We have a space heater with silicone core that stopped working. (The unit has a lifetime warranty, but the company went out of business.) I took it to the monthly “Repair Cafe” at a local restaurant, but sadly after taking it apart and extensive testing, even the handy, talented folks there couldn’t fix it. Next stop – the metal recycler to see if I can get some cash and put the materials back into the production stream.

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Allison March 20, 2014 at 7:56 pm

I loved this story. Last year I had the exact same problem with our ancient microwave (I think it dates back to the last remodel of our kitchen, which appears to have been in the mid-eighties.) I really didn’t want to replace it – it’s a range hood model. I loathe range-hood models – too high up for the kids to reach, useless as a fan. What I hate even more is the cost of replacing it before we are able to renovate the kitchen in a few years and get rid of the stupid range hood microwave altogether.

I figured that our microwave was so old that no one would have parts. But Katy, out of desperation I figured out the world’s cheapest solution! The hole was off-center in the mica material, which turned out to be much larger than the small opening it covered. I simply rotated mica covering so the hole wasn’t lined up with the opening in the microwave. Six months later, problem still solved. Still, if this solution turns out to be short lived, I now know how to do the next fix, thanks to you.

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Nancy K March 21, 2014 at 9:11 am

My husband has fixed our oven and dryer himself. The oven required a $16 part and an hour’s worth of work. As for the dryer–it was tearing and staining clothes in the seal, banging and making high pitched squealing sounds. We researched both replacement and getting a repair guy out ($300 minimum, ack!). My husband figured out what was wrong and a guy at an old school appliance repair shop said that he had a repair kit for the problems we described. He had to replace the drum belt and all of the seals around the drum and door. $69. He watched a bunch of youtube videos and had to completely take the dryer apart. It took a half a day and a lot of swearing, but it runs perfectly. Yay, us!

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Rachel March 24, 2014 at 5:33 am

We did this exact same microwave repair last year!!! I am still excited about it to this day… I couldn’t believe how easy it was. I am ashamed to admit I was ready to just buy a new one (I think ours is maybe a decade old), but thankfully my awesome boyfriend was convinced it would be an easy fix, and it was!

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clothespin April 2, 2014 at 1:07 pm

Well, this didn’t save us anything but labor but… my brakes on my car were making a terrible racket. Hubs got under there and replaced all of the pads himself, upgrading from the cheap carbon pads to the more durable, and a bit more expensive, ceramic pads. Total cost = $70 and 4 hours of time. Doing that at a repair shop would have been over $500, or at least that is what hubs said.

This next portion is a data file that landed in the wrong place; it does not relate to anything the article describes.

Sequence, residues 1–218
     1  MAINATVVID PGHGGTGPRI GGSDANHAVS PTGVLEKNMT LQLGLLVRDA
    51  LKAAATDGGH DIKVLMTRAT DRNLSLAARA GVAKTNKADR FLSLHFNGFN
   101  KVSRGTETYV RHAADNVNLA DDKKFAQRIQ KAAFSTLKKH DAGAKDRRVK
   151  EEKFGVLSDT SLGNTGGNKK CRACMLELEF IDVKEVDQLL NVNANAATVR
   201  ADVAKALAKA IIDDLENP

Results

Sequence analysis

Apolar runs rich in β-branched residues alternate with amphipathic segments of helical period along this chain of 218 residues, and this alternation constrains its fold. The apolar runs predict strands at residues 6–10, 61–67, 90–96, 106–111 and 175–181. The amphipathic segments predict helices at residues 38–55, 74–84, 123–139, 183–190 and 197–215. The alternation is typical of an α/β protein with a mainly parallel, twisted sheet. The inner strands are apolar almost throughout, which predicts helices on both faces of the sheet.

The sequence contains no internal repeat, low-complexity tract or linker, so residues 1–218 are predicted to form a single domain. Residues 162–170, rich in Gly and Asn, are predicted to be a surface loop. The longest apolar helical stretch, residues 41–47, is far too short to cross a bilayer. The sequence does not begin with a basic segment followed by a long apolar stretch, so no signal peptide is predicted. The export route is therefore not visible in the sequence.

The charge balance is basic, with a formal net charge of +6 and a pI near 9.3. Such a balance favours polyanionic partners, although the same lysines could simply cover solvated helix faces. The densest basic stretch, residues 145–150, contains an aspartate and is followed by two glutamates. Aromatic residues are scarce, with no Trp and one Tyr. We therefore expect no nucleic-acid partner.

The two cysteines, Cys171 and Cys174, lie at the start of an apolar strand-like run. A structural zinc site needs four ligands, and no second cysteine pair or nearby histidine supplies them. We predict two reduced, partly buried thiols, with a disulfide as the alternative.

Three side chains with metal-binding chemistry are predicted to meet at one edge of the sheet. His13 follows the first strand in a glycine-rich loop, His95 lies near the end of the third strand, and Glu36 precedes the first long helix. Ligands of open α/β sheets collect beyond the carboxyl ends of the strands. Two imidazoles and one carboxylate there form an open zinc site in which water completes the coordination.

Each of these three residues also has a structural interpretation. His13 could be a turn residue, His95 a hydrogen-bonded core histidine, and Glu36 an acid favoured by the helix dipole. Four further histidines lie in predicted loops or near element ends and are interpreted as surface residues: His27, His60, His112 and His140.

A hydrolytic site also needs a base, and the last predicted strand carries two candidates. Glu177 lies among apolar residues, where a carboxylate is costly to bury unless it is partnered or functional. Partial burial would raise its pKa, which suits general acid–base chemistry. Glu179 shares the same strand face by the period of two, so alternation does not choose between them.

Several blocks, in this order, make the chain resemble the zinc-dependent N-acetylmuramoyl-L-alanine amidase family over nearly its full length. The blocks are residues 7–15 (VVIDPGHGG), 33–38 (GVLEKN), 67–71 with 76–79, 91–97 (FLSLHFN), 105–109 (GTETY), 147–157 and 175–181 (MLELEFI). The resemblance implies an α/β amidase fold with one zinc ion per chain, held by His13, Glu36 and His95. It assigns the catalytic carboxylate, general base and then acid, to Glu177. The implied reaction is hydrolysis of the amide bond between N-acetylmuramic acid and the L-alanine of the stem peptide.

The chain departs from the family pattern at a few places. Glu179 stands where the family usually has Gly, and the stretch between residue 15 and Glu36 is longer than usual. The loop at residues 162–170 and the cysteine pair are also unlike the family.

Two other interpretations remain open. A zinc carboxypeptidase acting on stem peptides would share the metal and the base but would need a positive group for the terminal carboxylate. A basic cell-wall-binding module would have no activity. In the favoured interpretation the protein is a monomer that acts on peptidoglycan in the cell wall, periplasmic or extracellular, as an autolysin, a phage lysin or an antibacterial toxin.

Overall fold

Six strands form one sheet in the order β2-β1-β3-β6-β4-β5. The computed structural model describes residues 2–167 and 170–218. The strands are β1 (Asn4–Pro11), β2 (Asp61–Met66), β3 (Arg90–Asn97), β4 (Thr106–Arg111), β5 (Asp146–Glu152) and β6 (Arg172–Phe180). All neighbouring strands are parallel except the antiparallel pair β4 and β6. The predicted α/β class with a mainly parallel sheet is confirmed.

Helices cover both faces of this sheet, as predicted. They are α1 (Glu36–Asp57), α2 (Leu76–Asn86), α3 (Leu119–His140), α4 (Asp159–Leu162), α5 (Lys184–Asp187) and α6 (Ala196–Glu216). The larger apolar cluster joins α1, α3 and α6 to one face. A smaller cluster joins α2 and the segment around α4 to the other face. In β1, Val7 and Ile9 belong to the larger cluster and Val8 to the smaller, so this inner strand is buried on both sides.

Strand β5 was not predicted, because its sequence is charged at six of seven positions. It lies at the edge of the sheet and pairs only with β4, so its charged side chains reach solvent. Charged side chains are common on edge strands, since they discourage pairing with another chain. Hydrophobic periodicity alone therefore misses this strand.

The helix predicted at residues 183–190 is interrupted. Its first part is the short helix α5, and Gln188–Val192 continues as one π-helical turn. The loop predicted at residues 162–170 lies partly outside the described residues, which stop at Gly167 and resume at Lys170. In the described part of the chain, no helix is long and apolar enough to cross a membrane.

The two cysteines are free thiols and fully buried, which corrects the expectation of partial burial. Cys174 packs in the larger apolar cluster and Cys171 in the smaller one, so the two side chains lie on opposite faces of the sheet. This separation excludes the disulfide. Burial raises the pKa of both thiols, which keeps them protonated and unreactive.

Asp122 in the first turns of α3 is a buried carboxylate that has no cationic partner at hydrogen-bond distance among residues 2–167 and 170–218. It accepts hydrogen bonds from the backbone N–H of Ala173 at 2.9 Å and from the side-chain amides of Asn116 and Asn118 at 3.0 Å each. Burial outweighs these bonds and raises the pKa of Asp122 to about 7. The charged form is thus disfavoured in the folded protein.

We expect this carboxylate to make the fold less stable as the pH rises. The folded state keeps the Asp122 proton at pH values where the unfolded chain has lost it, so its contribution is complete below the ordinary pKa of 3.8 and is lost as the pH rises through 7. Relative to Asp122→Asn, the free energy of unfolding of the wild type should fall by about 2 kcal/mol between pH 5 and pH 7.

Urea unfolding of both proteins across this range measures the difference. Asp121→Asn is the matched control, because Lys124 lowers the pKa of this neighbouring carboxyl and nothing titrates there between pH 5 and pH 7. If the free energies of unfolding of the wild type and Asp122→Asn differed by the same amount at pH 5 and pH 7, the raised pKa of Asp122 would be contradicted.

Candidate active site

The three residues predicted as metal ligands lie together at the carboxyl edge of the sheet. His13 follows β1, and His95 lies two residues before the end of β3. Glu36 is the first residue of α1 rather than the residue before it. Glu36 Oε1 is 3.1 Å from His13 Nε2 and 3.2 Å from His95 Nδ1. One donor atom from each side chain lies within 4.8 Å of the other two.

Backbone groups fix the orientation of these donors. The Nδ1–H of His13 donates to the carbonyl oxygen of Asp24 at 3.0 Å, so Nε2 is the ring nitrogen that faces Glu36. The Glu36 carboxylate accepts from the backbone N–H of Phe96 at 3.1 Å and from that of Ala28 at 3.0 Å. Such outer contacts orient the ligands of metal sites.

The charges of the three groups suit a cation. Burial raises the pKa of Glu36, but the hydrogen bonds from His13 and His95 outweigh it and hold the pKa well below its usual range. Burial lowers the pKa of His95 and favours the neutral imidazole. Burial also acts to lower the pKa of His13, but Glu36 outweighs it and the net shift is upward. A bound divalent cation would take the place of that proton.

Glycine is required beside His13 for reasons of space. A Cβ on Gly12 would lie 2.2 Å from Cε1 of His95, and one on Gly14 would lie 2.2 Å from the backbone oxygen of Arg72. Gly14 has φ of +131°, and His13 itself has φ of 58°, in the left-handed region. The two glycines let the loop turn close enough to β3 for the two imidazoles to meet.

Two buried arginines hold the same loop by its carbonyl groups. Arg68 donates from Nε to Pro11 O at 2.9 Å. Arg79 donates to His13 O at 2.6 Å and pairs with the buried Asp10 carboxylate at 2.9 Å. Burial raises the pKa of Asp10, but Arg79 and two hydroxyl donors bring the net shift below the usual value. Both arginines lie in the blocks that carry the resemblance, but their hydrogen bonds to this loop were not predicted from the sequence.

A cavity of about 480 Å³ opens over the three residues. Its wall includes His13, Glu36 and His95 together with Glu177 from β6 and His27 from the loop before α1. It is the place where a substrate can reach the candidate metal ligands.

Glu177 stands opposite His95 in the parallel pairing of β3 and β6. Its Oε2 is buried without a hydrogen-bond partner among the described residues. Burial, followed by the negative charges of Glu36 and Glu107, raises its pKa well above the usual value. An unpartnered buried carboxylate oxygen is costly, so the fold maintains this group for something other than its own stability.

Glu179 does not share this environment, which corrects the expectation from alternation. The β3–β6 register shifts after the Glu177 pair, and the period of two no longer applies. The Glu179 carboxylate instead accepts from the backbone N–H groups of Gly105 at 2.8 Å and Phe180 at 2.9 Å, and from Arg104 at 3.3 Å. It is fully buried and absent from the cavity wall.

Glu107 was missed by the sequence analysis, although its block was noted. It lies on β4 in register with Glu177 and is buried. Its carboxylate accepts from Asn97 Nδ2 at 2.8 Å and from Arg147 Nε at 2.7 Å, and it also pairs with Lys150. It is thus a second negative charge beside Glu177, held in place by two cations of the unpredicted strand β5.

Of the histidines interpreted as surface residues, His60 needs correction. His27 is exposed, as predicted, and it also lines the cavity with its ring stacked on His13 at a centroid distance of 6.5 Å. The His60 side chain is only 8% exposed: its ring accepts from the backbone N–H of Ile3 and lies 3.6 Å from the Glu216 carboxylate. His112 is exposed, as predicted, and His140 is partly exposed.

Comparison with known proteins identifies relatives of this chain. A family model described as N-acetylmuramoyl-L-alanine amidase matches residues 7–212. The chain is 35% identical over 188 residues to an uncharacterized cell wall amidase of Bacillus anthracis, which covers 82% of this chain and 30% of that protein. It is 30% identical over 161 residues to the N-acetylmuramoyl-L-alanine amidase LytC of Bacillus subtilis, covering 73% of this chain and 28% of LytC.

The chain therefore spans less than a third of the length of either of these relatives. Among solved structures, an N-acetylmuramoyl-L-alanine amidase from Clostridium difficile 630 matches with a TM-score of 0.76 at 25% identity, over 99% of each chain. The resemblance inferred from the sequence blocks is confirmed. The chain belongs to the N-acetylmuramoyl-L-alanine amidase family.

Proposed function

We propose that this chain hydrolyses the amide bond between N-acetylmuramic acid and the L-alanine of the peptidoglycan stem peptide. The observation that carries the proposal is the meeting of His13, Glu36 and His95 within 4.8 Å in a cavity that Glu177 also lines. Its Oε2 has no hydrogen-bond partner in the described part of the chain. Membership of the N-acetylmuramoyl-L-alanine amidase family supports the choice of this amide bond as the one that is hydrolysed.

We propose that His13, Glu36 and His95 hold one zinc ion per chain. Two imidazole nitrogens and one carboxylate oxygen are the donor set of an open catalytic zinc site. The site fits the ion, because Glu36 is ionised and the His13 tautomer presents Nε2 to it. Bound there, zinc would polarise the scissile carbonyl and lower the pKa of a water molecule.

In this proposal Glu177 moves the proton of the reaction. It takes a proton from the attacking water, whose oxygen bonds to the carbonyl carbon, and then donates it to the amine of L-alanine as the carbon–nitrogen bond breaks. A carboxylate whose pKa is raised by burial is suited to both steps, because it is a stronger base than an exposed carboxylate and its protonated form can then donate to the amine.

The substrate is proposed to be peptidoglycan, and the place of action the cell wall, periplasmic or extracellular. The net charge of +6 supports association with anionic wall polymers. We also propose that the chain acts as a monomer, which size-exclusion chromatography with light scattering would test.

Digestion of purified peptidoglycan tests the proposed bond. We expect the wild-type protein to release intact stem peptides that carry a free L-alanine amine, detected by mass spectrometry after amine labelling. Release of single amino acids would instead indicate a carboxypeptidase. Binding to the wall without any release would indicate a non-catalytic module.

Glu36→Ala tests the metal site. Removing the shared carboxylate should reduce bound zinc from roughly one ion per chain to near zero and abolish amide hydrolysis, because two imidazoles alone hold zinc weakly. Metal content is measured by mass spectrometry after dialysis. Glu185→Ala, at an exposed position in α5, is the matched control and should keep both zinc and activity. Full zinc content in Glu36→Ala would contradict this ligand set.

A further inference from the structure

My favorite fix it – my vintage Bernina sewing machine. My mom got it from a call in radio show for $50. $100 in repairs later… They go for over $500 on ebay! And, are SO much better than a $500 new machine. They were made to actually be used and to last. It’s my favorite thing that I own…

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Monica April 4, 2014 at 11:41 am

Not as thrilling a repair job as appliances…but I have pair of $50-ish sneakers and after one month’s wear there were holes in the toes along the seam. Boy this steamed my bean. I couldn’t take them back to the store, as I had actually bought them over a year ago and just hadn’t worn them. Sewing up the holes didn’t work, so I took out my iron on patching kit (used for cotton items, like patching a hole in a comforter, etc), cut semi-cirles of fabric, and ironed-on the patches over the toe holes! The patches are almost the same color as the sneakers and are holding tight! Now I don’t have to be embarrassed to wear them in public anymore!

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Cyberingme April 19, 2015 at 12:55 pm

Yep, that happened to mine too, but I was not ready to toss it because I’m always looking for a solution or fix. So I did my research on YouTube as always, and came across this fix. However thanks to your video, I now know that I can buy the wave plate thingy in a whole sheet size, yoo hoo! Thanks. I am now motivated to go around fixing family and friends microwaves at a tiny fraction of the cost of microwave repairmen/women! A win-win all the way around.

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Luke Yancey July 28, 2016 at 4:16 am

You are right- most Americans are freaked out by the idea of fixing their appliances and will go straight to replacing them. Yesterday my microwave was doing the same thing as yours. There was a lot of smoke and it seemed to be overheating. Thank you for mentioning that it may be possible to just get a sheet of metal for $22 to fix it! I will go to my hardware store straight away.